Robin Hanson, economist and author of Overcoming Bias, recently appeared in USA Today talking about SETI. He appears as a counterpoint to Seth Shostak, a guy who I believe is totally out of it. Here’s the relevant section:
But researchers such as Robin Hanson of George Mason University in Fairfax, Va., wonder whether the big picture really looks so promising when it comes to advanced life. Hanson supports SETI but finds it telling that humans havenâ€™t come across anything yet. â€œIt has been remarkable and somewhat discouraging,â€ Hanson says, â€œthat the universe is so damn big and so damn dead.â€
Great quote, love it. To quote Marshall T. Savage, author of that superlative masterpiece, The Millennial Project:
There is a program to actively search for signals from other civilizations in the galaxy: SETI (Search for Extraterrestrial Intelligence). This is a noble cause, but it seems slightly absurd. Scientists huddle around radio telescopes listening intently to one star at a time for the sound of dripping water, when what they are seeking would sound like Niagara Falls. The most cursory radio snapshot of the sky should reveal K2 civilizations as clearly as the lights of great cities seen from orbit at night. That we don’t see any such radio beacons in the skies probably means there are no Kardasahev Level Two civilizations in this galaxy.
Perhaps advanced civilizations don’t use radio, or radar, or microwaves. Advanced technology can be invoked as an explanation for the absence of extra terrestrial radio signals. But it seems unlikely that their technology would leave no imprint anywhere in the electromagnetic spectrum. We have been compared to the aborigine who remains blissfully unaware of the storm of radio and TV saturating the airwaves around him. Presumably, the aliens use advanced means of communications which we cannot detect. What these means might be is, by definition, unknown, but they must be extremely exotic. We don’t detect K2 signals in the form of laser pulses, gamma rays, cosmic rays, or even neutrinos. Therefore, the aliens must use system that we haven’t even imagined.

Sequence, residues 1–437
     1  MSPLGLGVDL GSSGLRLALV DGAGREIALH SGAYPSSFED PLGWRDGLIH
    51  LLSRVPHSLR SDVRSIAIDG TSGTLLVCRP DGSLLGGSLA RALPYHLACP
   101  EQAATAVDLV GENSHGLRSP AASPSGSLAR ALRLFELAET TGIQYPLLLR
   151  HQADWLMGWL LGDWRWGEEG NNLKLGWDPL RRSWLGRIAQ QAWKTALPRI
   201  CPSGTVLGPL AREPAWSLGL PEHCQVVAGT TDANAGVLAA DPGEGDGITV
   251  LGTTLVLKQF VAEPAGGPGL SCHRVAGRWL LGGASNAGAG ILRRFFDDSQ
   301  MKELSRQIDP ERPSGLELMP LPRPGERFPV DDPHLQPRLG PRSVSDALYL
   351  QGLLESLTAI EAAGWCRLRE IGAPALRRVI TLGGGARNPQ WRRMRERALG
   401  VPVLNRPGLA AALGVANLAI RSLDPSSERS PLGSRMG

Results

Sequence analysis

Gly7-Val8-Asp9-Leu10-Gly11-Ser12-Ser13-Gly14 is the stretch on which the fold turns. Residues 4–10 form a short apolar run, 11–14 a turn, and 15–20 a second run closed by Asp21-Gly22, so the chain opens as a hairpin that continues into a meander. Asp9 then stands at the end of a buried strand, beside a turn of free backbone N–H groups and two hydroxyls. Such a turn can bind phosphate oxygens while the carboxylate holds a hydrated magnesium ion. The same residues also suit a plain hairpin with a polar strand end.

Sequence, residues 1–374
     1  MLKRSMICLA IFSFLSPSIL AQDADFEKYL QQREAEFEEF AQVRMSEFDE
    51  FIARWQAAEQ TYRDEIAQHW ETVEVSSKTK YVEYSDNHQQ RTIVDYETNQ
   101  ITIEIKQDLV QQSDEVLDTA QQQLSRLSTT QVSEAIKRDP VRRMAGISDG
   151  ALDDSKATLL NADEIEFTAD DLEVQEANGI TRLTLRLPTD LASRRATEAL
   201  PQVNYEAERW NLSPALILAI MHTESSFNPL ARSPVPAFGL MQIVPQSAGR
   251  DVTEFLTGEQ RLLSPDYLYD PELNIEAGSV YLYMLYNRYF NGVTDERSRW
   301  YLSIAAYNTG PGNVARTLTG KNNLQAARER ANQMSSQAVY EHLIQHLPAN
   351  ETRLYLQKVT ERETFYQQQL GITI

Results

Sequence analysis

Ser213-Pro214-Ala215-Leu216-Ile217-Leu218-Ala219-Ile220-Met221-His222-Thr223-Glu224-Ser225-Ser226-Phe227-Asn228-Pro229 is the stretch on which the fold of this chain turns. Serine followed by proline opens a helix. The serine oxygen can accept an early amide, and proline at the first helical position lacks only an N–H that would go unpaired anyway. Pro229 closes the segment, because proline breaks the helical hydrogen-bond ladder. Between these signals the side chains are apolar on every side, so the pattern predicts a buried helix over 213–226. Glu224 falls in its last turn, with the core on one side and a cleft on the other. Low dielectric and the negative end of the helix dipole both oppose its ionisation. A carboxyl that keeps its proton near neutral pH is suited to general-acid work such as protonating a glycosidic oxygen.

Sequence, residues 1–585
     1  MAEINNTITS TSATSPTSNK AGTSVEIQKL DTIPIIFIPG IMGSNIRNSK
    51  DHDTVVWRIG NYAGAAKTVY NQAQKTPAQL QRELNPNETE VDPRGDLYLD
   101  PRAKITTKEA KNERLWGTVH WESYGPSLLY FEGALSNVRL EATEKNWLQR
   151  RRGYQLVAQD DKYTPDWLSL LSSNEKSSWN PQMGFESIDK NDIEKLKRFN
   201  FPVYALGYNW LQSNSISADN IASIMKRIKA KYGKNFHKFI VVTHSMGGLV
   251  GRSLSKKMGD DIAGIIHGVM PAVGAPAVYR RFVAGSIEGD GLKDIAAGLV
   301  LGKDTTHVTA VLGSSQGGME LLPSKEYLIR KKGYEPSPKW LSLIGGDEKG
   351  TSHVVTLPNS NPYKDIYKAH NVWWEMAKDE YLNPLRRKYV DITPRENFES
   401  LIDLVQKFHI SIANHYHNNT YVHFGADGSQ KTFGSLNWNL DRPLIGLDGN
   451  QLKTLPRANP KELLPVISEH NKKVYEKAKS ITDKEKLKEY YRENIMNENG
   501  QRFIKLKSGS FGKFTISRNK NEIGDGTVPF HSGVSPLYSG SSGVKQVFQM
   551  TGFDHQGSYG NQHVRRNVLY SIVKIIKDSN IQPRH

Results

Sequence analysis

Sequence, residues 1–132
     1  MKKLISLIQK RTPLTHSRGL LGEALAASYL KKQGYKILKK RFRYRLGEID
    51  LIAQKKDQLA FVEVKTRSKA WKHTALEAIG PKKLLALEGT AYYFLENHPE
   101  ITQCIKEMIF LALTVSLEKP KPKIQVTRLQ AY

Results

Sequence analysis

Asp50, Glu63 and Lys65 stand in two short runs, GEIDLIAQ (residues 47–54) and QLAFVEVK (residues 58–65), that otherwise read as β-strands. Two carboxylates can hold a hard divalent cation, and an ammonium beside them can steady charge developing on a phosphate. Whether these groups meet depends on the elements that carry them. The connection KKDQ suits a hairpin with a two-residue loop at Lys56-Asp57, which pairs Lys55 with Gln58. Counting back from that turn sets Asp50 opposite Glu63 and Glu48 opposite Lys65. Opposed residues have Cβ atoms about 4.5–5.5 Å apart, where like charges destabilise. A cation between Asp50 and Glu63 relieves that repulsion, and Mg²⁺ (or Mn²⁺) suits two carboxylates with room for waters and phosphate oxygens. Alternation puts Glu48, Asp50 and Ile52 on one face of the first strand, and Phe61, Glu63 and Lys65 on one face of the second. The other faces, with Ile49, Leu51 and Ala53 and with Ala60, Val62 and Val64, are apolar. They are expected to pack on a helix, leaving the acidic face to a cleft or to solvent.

The argument, appealing thought it is, cannot survive contact with Occam’s razor — in this case Occam’s machete. The evidence in hand is simply nothing — no signals. To explain the absence of signals in the presence of aliens, demands recourse to what is essentially magic. Unfortunately, the iron laws of logic demand that we reject such wishful thinking in favor of the simplest explanation which fits the data: No signals, no aliens.
The skies are thunderous in their silence; the Moon eloquent in its blankness; the aliens are conclusive by their absence. The extraterrestrials aren’t here. They’ve never been here. They’re never coming here. They aren’t coming because they don’t exist. We are alone.
If Dr. Shostak wants to find some aliens, perhaps he should try ingesting some powerful hallucinogens. Then he will be able to see all the aliens he wants.